Try using single syllable words to focus your writing. It can make it stronger and more dynamic.

Try using single syllable words to focus your writing. It can make it stronger and more dynamic.

My first Write-O-Rama workshop was “Pare It Down” with Anne Leigh Parrish. A workshop to get us to write simply and therefore strongly. Think Hemingway. Not one of my favorites. Not as pathetically macho as Mailer, but too focused so-called “masculine” values for me.

The idea was to choose strong words;  words of one syllable. If we couldn’t write with monosyllables, we were to go back and edit replacing polysyllabic words with monosyllabic ones.

Exercise: Pretend to write a letter using words of only one syllable.

Here’s what I wrote:

Dear Heidi,

Thank you. You gave me the this chance to go to this class to write. I find I am sparked and fired up by the aura and the dare to write short and clean. You are a great and true friend. Who would have thought that such a strong link could be forged by chance on the Net.

On my first draft of this exercise, I find it hard to use one syllable words. I do not think in one syllable words. I try to write like Hemingway. It is cool and gray this day. The clock on the wall ticks, ticks, ticks. A woman at the table coughs and clears her throat. A plane flies in the sky while a car drives by. You are used to these sounds. I am not now. I do not live in the city now. I can not block them. This is a good test.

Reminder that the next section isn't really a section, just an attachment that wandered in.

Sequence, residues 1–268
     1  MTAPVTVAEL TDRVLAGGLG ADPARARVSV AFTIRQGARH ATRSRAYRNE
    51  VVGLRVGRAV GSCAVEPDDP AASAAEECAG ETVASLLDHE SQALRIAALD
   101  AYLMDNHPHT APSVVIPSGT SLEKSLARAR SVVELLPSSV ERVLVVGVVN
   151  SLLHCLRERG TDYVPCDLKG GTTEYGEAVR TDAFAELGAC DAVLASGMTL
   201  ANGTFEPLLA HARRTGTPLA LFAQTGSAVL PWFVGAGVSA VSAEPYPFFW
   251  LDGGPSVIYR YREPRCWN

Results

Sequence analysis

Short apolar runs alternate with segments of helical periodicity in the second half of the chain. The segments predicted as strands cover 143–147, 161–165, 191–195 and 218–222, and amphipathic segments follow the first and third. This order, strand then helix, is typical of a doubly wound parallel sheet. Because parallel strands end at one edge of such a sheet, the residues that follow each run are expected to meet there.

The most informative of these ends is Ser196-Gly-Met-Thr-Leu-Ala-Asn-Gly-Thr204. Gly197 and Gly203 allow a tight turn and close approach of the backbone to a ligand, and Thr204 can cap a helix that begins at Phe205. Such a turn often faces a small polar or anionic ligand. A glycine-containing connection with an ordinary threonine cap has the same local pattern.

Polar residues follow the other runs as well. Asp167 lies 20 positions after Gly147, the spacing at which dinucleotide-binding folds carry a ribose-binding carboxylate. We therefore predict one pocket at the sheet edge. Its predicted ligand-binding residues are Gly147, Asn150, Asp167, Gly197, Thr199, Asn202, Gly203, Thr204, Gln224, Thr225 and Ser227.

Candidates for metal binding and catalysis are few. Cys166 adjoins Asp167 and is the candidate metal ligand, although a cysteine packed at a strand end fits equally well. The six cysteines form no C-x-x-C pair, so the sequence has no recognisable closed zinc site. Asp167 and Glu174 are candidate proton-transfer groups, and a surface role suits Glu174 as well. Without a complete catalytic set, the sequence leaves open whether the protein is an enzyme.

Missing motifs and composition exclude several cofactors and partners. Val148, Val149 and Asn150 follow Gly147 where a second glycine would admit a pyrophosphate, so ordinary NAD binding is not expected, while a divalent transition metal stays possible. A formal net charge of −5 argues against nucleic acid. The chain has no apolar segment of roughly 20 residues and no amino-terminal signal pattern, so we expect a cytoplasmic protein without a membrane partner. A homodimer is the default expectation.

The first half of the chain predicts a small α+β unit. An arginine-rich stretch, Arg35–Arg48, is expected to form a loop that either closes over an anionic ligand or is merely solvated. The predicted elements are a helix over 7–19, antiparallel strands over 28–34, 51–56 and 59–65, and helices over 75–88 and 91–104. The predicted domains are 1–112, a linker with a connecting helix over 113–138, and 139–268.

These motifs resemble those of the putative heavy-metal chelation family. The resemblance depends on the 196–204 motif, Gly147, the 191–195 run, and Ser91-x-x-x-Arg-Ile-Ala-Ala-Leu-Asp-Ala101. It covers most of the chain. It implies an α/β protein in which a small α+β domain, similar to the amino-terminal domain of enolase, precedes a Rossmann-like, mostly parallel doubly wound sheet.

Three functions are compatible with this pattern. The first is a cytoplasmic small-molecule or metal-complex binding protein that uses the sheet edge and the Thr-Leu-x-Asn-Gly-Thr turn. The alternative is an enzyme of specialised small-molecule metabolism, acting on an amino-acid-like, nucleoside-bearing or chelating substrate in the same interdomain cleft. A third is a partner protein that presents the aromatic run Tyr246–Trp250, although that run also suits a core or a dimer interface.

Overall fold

I must decide which task to work on for the May trip. I want to work on my book but I want it to be good and there is not much time. My tech thought would be fast and I would have more time to hone it. What do you think is best?

Have I told you how proud I am of your work and grit? You are a spur to me. I get a lift each time you write to tell me of your feats and acts. Bless you! I will now have to use your strength to rein in my glut so I can meet you in May at the class.

This will be a short note since I am stuck with such short words. I do not think in short words. I was taught to use all my words and to learn more words. I respect writing of short words and lines, but I like a mix of words better. You can not get a book like The Curious Incident of the Dog in the Night-Time with just short words even though you must use very few long words.

It’s peaceful with everyone working quietly — except me. I am very conscious of the key clicks as I work on my MacBook Pro over here in the corner. I appear to be the only person who brought a notebook computer to work on. Some didn’t even bring a pen and paper!

There are 2 men and 9 women in this class. I think that may be a consistent ratio, although I suspect things like the zine, graphic novel and performance workshops may have a higher male ratio. I considered going to the workshop on Diary Comics, but I think I’ll keep focused on prose. (Although I have a smashing idea for a non-fiction training guide done as a graphic novel…).

The exercise was a lot of fun and very stimulating. I, obviously, can’t do it all the time, but I’m now more conscientious about paring down some of my writing.

My 1st choice for second period was overflowing. So continuing the medieval signs and portents theme of my day, I’m off to the Jack Kerouac class — Memory Babe by Deborah Woodard.

Given my inability to actual finish On the Road: The Original Scroll (Penguin Classics Deluxe Edition) the three times I’ve tried it, this is an interesting departure for me. Definitely pushing out of my comfort zone. Check out the next post.

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